Kill the lawyers

These people ought to be shot. Bob Marley took the theme from the kid show “The Banana Splits” and incorporated it in to “Buffalo Soldier”. Jerry Garcia lifted the “doo-do-doo-do-doo-do-do-do-doo-do-doo-do-doo” part of Lou Redd’s “Walk on the Wild Side” and made it the core of “Franklin’s Tower”. These are totally different songs from the ones that influenced them. But come to think of it, those guys are worth more dead than alive. I might sue their estates, yeah…

Why is this so hard? says:

Missing the Point

The point isn’t whether sampling is creative or not, it’s called giving credit where credit is due. There is a reasonable middle-ground here, one that has been working for centuries in literature. If you take something from someone else’s work, you provide an appropriate citation.

No one would argue with:
– Everyone wants artists to get credit for their work
– Everyone wants to encourage artists to pursue exercise their creativity

Why is it so unreasonable for artists to be able to use other artists’ work but be required to cite it?

craig says:

“While that lawsuit over that dubious amount of sampling is obviously asinine, I’m not sure I agree that sampling music is a legitimate, fair, and creative medium based on the argument that it makes more “creative output, as musicians take the different pieces that others have used and try to outdo each other in making something better out of it.”

I’m not on either side, but a good many artist feel that sampling is an uncreative medium of thievery and lack of musicality. I admit this isn’t the focus of the article but it does attempt to strengthen its position with it.”

Copyright law was NOT intended to create new revenue streams. It was not intended to allow people ownership of a sound or a waveform.

Copyright law was created to stop people from selling copies of your work for less, undercutting your price.

Write a book, and other people can’t print and sell copies of that work undercutting your price or get your sales. Create a record, people can;t sell copies and undercut your price. And all of this for a LIMITED TIME. Give you a chance to make some bucks first.

Who on EARTH is going to say “Well, i was going to buy The Beatles’ ‘Abbey Road,’ but there’s already an eight-of-a-second bleep from one of the songs played backwards repeatedly on a CD I already have, so I guess I don’t need to buy it.”

Sampling will NOT cost any artists sales of the songs sampled from – in fact, by way of advertising, it may INCREASE sales.

Sampling will only cost artists money from sales of a product thats very existence is only the result of the distortion and extension of copyright law.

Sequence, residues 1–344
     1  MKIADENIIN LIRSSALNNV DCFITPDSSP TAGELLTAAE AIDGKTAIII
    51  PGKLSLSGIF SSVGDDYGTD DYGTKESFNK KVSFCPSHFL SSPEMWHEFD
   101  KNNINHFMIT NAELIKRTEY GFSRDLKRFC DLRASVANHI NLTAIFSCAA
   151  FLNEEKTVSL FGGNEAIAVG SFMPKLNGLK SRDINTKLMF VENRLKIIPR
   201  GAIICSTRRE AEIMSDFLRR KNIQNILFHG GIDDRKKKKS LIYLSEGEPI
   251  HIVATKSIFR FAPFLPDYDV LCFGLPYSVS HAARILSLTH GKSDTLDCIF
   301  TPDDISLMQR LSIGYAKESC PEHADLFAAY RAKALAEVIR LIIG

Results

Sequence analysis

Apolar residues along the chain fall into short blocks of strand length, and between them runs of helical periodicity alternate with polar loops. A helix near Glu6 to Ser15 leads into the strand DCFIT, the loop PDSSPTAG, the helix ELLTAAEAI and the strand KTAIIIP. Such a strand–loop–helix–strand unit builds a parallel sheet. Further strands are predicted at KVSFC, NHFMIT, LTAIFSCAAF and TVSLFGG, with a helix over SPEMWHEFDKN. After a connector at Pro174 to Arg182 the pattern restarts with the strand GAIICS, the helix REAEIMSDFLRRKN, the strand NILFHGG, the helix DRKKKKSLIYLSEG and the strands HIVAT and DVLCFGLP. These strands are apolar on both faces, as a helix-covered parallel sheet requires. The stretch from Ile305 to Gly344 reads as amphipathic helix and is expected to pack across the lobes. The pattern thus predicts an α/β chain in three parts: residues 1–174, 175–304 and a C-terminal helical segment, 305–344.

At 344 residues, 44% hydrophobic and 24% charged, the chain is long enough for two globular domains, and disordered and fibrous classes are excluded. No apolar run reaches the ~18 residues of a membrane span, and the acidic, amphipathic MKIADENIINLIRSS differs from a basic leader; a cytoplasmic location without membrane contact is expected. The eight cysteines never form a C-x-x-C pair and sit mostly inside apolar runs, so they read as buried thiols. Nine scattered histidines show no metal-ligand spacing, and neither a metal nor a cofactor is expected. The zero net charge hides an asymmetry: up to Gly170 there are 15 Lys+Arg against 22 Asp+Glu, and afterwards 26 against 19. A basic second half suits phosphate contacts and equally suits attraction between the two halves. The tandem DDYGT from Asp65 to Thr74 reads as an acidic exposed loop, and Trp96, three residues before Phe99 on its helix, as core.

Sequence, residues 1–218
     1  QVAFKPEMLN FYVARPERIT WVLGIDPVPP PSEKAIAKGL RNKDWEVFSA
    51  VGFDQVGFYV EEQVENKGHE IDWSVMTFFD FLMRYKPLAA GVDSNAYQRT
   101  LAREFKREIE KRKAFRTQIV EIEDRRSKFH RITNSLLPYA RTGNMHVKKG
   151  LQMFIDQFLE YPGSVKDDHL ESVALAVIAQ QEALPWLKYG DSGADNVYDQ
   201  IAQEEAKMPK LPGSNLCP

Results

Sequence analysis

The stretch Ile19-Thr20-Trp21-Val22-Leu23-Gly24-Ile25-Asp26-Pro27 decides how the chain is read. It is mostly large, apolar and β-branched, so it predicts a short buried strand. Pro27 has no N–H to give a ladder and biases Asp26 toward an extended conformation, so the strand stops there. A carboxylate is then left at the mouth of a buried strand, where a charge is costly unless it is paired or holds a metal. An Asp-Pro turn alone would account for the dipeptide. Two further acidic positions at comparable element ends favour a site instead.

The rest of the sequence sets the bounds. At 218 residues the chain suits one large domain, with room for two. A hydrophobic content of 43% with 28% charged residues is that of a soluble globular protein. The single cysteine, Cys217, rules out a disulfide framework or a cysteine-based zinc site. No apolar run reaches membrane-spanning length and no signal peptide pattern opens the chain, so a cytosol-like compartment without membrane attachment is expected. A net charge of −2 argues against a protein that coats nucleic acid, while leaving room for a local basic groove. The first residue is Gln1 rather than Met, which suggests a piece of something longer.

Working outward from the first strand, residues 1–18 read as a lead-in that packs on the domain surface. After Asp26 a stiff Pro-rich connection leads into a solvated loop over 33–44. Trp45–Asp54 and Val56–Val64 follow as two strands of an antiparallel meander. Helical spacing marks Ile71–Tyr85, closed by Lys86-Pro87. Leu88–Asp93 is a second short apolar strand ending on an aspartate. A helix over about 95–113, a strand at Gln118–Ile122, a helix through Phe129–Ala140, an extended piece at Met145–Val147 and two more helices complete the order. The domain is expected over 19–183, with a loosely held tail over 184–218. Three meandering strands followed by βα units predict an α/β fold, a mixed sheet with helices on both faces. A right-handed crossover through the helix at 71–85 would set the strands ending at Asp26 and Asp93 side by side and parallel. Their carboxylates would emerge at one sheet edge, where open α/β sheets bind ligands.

the 2nd Computer says:

Creativity by hard work

as a musician who has spent 20 years learning how to play my instruments it is outrageous that people think that they should be allowed to sample my music and because they just press a button or two to change the tempo or molulate the tone up a 1/2 step that they have some how added some creative value…if they want to be a musician why not learn how to play an instrument..it seems that there is a generation on the rise that is lazy…wants everythhing for free….and can’t stand the fact that there are laws in society.

melancolico catrin (user link) says:

Only 20 years?

I’m 30 years old and I’ve been playing my instruments since I was 5… so easy there “pops” don’t give yourself a heart-attack. Heack, I play a modular synthesaizer thats at least 30 years old…
See, it’s old farts like you that think art should be property.
I say screw that, music should be free and if you want to make money off of music it should be from live shows, and not how many times someone listens to your CD.
You are keeping no one down with your ignorant comment, and if you think it’s as easy as pressing one or two buttons then you need to get of the sauce old man.

angry dude says:

“To promote the Progress of Science and useful Arts, by securing for limited Times to Authors and Inventors the exclusive Right to their respective Writings and Discoveries” (US Constitution)

Copyrights and patents exist for a good reason:
they are the only driving force behind most of the creative work in a capitalistic society.
Unfortunately, too many people in this country have this “free beer” mentality.
IPod generation…